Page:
Whaling

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whalers spot a whale
Whaling in the later 19th century.

Whaling is the practice of hunting whales. This is done to get meat and oil, called blubber. Whaling has been done at least since 3000 BC.[1]

Many communities on the coast have done whaling for food for a long time. They have also killed stranded whales.

Industrialisation started in the 17th century and also affected whaling. Special ships were built for whaling, and whales were hunted until they were almost extinct.

As technology increased and demand for the seemingly vast resources remained high, catches far exceeded the carrying capacity of whale stocks. In the late 1930s more than 50,000 whales were killed each year.[2] By the middle of the 20th century, whale stocks could not recover. In 1986, the International Whaling Commission introduced a moratorium on commercial whaling so that stocks might recover.

This moratorium was successful, and permits whale stocks to recover. There is a debate about whaling in general. Countries which are in favor of whaling want to do away with the moratorium, so they can again hunt whales as they did before. Countries and environmental groups say that whaling is immoral, and that stocks have not yet recovered sufficiently. As whaling is immoral it should be banned.

The History of Hunting[change | change source]

Whales have a thick layer of fat under their skin called blubber. For many years, the Eskimos of Alaska depended on these whales to live. Every part of a whale was used: the bones, the blubber, and the skin - every bit of it. In this way, one whale could feed an Eskimo community for a long time. They were important to the Eskimos. However, sometimes a good thing can get out of control and become a bad thing. This was what happened in whale hunting.

Whale blubber was not used only by Eskimos. Soon it became a product everybody wanted. This was because before electricity was invented, blubber was used as oil for lamps. They also used whale blubber to oil machines and make expensive makeup. Because of this, people hunted and killed whales to make money.

The whalers found out the paths whales liked to take in the ocean, and killed them mercilessly. It was a dangerous and frightening job. Whalers would jump into a small boat and follow the whale. Once they were close to it, they would throw a harpoon that was attached to a very long rope into the whale. The end of this harpoon was not at all like a spear. It had a switch blade on the end that would stay in the whale's skin. Once the harpoon was in the whale, the whale would start swimming as fast as it could. The whale might swim day and night with no stop for several days. Eventually, the tired and hurt whale would stop. The whalers would then kill the whale with one last harpoon. When the animal died, the whalers would haul the whale onto the ship (big or small), skin it, then boil the blubber for the oil.[3]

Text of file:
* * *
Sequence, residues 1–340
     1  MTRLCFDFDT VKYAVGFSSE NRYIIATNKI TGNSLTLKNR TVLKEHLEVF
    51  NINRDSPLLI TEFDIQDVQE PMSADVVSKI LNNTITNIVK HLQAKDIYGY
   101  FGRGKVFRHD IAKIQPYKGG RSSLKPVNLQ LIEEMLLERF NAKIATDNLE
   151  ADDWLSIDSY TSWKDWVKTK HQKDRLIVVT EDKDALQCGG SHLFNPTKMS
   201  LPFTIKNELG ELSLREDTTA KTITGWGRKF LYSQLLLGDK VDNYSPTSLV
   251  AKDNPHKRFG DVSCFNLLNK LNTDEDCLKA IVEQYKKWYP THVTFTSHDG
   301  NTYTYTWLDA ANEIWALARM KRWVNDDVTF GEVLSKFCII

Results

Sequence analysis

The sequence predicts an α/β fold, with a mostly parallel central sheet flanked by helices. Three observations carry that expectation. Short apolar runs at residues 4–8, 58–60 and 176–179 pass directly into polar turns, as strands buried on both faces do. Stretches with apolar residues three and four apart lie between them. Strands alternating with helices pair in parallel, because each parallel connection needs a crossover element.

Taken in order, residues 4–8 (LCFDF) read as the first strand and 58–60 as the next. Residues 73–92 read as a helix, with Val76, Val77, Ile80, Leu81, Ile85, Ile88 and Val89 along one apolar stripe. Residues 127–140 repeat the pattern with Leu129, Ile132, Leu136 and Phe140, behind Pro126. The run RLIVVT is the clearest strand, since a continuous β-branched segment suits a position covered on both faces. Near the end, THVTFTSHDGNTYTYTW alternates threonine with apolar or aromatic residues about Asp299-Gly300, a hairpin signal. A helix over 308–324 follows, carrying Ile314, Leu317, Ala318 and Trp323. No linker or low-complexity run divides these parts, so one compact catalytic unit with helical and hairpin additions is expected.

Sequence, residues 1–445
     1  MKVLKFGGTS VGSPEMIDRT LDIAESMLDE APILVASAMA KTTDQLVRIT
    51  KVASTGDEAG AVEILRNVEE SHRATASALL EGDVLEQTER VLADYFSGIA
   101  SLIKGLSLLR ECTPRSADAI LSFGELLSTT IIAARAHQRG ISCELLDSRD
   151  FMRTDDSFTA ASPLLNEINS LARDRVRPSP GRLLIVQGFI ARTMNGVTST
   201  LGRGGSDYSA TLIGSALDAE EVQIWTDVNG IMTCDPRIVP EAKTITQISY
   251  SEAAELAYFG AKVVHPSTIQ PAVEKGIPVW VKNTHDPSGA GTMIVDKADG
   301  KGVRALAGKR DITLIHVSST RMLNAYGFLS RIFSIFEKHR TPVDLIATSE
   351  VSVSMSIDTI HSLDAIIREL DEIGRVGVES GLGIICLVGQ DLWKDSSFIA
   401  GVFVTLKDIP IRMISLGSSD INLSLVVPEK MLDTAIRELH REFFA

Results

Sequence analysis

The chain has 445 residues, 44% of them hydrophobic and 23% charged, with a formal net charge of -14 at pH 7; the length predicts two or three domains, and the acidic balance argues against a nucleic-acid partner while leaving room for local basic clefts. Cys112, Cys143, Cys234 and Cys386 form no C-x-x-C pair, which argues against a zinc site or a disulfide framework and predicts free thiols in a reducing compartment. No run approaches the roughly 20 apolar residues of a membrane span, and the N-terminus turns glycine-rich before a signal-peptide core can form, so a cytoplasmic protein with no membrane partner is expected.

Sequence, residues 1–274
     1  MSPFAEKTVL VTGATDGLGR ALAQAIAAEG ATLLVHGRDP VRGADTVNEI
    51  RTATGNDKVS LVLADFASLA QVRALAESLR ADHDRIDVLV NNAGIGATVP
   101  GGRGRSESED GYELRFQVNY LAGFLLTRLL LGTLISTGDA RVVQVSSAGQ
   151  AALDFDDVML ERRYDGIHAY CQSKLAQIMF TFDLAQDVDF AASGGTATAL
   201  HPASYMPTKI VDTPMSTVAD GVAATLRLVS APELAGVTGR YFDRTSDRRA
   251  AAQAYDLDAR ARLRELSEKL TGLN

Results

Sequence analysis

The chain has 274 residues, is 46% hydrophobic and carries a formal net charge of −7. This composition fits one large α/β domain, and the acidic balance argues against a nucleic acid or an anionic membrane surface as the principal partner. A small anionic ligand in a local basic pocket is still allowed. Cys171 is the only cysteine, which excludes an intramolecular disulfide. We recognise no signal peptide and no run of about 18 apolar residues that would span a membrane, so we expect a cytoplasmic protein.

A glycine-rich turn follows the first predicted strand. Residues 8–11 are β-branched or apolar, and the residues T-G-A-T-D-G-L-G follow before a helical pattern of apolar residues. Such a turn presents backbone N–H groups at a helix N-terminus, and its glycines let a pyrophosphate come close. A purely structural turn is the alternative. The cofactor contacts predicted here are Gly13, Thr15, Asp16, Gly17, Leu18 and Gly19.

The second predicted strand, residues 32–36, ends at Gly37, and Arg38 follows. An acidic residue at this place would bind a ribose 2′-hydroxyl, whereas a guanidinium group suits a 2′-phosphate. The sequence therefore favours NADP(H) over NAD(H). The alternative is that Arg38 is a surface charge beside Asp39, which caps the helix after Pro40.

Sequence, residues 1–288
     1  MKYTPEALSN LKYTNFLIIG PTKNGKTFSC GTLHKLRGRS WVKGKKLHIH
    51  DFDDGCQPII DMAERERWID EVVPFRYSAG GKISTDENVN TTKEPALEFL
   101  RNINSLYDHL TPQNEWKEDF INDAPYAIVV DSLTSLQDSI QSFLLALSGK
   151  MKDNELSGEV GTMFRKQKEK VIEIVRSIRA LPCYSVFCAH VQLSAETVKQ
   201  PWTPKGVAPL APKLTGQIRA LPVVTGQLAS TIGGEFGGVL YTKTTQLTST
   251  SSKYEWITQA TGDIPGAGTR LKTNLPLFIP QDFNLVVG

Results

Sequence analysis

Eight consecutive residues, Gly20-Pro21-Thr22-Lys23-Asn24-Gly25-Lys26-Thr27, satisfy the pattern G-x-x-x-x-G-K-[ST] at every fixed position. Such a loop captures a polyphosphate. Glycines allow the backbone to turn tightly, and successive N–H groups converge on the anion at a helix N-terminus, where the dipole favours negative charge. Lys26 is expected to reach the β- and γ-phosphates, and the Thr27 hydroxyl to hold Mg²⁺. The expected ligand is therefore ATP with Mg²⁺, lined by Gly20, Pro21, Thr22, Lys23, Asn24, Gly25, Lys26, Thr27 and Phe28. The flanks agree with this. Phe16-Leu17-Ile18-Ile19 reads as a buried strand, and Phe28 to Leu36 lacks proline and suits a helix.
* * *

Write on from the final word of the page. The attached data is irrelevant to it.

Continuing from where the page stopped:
A whaling harpoon
A whale's greatest fear

Soon, boats began getting bigger. Whalers began using a harpoon like before, but the harpoon has a grenade inside. This was very cruel way of killing whales as it hurt them a lot. The whale would then have blood coming out of its blowhole. This meant the poor whale would die soon.
Sometimes entire whale families were found, and as many were killed as possible. Because of whaling, several kinds of whales became almost extinct.[3]

More happily, whales are protected by conservation laws that stop people from killing too many of them. Also, chemists invented many products that take the place of whale blubber, and kerosene replaced whale oil in lamps. Now, many countries have agreed not to hunt whales, because otherwise all the whales might die. They signed a treaty agreeing on this though Norway and Japan still hunt whales. Russia and the United States also practising whaling, on a much smaller scale. (Japan still does hunt often, however).

References[change | change source]

  1. The history of whaling. Britannica Online Encyclopedia.
  2. Whaling. The Canadian Encyclopedia.
  3. 3.0 3.1 Exploring Creation with Zoology 2 by Jeannie K. Fulbright